Volunteer of the Month: Nancy Freeborn

July 5, 2013

CUESA’s Volunteer of the Month program recognizes the dedication and work of some of our most active volunteers. CUESA relies on volunteers to help with education programs, special events, public outreach, and other activities that help fulfill our mission to cultivate a sustainable food system. Learn more about volunteering and sign up here.

Offering a great combination of professional and interpersonal skills as well as direct experience with farmers markets, Nancy Freeborn has been involved with many aspects of CUESA. She first volunteered her graphic design talents nearly a year ago when CUESA updated its branding and has since done rotations at almost every other volunteer opportunity, including the Discovery Station, Info Booth, events, and outreach.

Director of Development Christine Farren appreciates her “positive attitude and calm demeanor” and her “ability to evoke the market properly” with her design skills. Information Booth Coordinator Melanie Bourgeois adds, “She is very solid on everything about the Market, always ready to offer suggestions and help, and very reliable. She is also hilarious and lots of fun to work with. Nancy is fabulous!”

CUESA: What do you do when you aren’t at the market or at CUESA’s educational and special events?
Nancy: I divide my time between work (I’m a freelance book designer/graphic designer), volunteering in “my garden” (Golden Gate Park) with the Butterfly Habitat Restoration Project on Strawberry Hill, eating in and seeking out Bay Area eateries, hiking and walking all over this beautiful city and region, and spending time with my family and two grown boys.

CUESA: Where does your interest in food come from?
Nancy: I come from a family of wonderful cooks and gardeners, and we’ve always enjoyed good food together. My Mom especially was always busy in the kitchen and garden. Feeding large groups of people (and eight kids) is as natural to her as breathing, so when that is your world, it is a part of who you are. All my siblings are creative, hands-on people in their work and definitely in the kitchen and garden. I watch them intently and soak up their ideas. My interest in local agriculture hit me like a bolt of lightning many years ago after watching a PBS documentary about Alice Waters and her endeavors. As for so many of us, she made me realize the importance of knowing the food system and asking questions. That did it. I have been asking and learning ever since.

CUESA: What made you want to volunteer for CUESA?
Nancy: I moved back to the Bay Area just over two years ago after spending 23 years on the East Coast. During my years in Connecticut I co-founded and managed a farmers market. We depended on our amazing volunteers just as CUESA does theirs, so once I was settled in San Francisco I went straight to the CUESA website and found their volunteer orientation. I knew it was where I would find the people I wanted to know and spend time with. I was blown away by their orientation and the variety of opportunities they offered volunteers, so I jumped in.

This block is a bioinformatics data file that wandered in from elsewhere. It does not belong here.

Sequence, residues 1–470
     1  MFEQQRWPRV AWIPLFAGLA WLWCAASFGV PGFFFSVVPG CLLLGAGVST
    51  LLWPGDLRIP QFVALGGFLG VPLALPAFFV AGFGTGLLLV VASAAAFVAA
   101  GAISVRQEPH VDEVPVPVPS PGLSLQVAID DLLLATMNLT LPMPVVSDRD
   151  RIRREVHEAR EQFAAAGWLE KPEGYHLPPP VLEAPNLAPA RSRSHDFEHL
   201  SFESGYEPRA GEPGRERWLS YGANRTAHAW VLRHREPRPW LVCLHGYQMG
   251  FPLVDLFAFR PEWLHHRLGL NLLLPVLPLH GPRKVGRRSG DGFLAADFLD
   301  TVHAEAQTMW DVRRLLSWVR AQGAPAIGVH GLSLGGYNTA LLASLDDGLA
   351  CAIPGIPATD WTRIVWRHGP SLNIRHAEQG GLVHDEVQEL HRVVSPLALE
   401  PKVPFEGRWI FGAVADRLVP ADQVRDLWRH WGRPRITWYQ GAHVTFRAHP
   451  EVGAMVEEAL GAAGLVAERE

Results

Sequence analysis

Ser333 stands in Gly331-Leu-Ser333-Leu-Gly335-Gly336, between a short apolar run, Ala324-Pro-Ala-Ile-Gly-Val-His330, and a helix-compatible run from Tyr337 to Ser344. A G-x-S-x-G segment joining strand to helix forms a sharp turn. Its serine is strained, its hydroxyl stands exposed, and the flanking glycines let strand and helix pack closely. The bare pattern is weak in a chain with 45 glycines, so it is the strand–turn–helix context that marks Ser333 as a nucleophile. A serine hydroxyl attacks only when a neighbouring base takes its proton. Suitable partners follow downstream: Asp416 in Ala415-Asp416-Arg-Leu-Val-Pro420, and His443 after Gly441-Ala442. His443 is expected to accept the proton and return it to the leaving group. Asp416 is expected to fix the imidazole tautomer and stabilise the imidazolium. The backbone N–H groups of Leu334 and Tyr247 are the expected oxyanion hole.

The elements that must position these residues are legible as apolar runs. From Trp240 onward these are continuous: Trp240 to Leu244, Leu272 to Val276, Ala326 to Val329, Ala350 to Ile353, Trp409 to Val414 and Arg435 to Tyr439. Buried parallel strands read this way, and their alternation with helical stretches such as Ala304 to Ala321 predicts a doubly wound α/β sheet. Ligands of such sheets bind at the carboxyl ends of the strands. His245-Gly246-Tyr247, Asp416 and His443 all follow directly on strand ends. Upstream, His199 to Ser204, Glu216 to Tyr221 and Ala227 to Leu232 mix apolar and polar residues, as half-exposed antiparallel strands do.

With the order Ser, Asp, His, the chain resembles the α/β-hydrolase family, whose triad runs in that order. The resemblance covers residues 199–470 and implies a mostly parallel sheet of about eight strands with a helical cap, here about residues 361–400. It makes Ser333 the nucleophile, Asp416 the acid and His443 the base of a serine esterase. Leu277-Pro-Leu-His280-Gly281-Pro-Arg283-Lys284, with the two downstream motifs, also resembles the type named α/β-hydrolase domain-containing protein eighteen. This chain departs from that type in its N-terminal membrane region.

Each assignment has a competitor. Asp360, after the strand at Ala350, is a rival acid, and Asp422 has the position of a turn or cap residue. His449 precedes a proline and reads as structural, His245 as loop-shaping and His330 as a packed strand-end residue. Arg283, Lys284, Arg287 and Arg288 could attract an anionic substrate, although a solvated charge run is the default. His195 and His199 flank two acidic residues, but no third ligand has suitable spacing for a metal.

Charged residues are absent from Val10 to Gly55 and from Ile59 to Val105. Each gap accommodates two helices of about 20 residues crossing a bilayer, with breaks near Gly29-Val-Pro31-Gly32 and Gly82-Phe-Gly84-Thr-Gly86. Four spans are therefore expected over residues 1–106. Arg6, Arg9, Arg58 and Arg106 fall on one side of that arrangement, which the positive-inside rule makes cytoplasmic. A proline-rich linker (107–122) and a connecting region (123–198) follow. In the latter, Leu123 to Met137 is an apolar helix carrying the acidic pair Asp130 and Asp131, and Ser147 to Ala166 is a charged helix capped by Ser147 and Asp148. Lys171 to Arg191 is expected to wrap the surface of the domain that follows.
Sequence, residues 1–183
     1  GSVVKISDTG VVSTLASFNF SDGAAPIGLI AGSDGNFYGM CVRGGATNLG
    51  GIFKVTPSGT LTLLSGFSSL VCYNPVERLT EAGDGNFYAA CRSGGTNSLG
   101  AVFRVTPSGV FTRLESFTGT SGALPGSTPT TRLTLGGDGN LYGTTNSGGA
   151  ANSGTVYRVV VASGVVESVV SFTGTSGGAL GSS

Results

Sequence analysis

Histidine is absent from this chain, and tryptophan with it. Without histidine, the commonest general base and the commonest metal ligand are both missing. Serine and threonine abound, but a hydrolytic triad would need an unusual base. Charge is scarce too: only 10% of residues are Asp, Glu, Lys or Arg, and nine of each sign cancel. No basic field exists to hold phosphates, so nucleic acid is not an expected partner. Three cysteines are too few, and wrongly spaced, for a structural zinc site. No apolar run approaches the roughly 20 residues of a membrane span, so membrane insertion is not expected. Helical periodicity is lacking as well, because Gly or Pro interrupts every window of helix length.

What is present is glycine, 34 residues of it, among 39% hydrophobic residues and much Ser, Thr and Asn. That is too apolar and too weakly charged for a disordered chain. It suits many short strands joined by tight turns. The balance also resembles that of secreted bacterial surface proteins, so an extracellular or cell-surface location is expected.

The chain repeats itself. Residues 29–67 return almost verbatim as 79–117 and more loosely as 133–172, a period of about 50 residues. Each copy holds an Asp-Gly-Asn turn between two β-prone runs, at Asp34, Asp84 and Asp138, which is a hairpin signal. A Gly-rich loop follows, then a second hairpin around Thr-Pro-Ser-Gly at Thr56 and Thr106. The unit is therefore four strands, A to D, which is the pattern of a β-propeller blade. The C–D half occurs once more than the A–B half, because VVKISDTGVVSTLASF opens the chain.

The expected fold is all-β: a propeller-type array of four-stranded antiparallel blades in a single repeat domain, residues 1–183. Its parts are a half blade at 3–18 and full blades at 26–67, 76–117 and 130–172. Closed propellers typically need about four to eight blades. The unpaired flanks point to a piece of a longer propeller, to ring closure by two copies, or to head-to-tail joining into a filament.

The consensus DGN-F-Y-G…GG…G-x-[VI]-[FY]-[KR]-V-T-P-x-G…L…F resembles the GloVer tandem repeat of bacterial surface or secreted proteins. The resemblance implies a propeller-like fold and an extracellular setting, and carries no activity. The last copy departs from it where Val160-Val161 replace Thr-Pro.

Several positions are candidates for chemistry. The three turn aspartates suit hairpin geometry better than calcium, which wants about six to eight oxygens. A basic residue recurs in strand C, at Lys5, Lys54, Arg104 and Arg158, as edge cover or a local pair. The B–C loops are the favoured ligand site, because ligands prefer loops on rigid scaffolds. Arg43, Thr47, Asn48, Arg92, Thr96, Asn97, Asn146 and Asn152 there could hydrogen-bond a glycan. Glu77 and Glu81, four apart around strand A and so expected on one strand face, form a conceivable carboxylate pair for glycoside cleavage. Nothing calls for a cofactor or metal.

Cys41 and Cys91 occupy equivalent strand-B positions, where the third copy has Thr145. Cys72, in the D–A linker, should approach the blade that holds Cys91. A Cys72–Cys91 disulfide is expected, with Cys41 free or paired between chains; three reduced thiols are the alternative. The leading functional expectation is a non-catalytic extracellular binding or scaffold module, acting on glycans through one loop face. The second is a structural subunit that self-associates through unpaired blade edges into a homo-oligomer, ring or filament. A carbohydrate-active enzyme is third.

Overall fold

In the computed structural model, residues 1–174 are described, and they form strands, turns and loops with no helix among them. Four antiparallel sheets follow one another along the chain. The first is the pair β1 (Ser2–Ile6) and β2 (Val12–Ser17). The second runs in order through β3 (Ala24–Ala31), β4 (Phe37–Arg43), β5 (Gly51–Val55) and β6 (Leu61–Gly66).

CUESA: Where have you mainly volunteered?
Nancy: I’ve been involved with a few different volunteer opportunities within CUESA. All are equally interesting and rewarding. I’d say the Info Booth is where I’ve probably spent the most time. It’s the market day hub—busy, lively, social, and a focal point where vendors, customers, tourists, and staff come and go. I’ve learned a lot about the workings of the market from being in the Info Booth. I have also had the opportunity to work with the marketing and PR staff doing graphic design, which has been really terrific. Combining my work skills while supporting local agriculture is, to me, the best!

CUESA: Do you have any interesting stories from your time as a CUESA volunteer?
Nancy: I think once you spend time with and get to know a community—like the farmers market—you start to recognize and chat with customers who frequent the market, so you begin to see them as individuals, not just a mass of shoppers. You get to know the farmers’ names and what they grow, and the staff and volunteers as friends. The next thing you know, that community becomes your community. It’s inspiring.

CUESA: Do you have an insider market tip for this month?
Nancy: Eat peaches! And every month, talk to the farmers and ask them about their products. If a fruit or veggie catches your eye, but you don’t know exactly what it is, how to pronounce its name, or what to do with it, ask them. They love to chat with you about what they do, where they grow, and how they make their magic happen. They’ll look forward to seeing you next time you come to shop.

CUESA:  Do you have a recipe to share?
Nancy: My son just stopped by my computer and read my draft bio. He said, “Mom you should have used your corn soup for the recipe to share.” He’s right. It’s really good and a great summer dish.

Easy Corn Soup
Add 12 ears shucked, FRESH corn (in season and recently picked) to a large pot with about an inch of boiling water. Fresh corn needs to steam for only 10 minutes or so. Remove from the pot when done and let it cool for a few minutes. As soon as you can handle it without burning your fingers, take an ear of corn, hold it vertically/angled on a cutting board. With a sharp knife cut all the kernels off, slicing down the ear. Then, using the blunt back of the knife, press hard and rub the remaining bits and juices out of those open kernal pods. Do the same for all the ears. Throw that nice pile of corn kernels and juices into a blender with some of the reserved water used for steaming the corn (or vegetable stock). Blend all the corn (in batches). Return to the big pot and heat till nice and hot. Taste and add whatever you think it needs. Options: Use chicken stock, salt, pepper, and your favorite herbs. I like a dollop of pesto or crème fraîche on the top.

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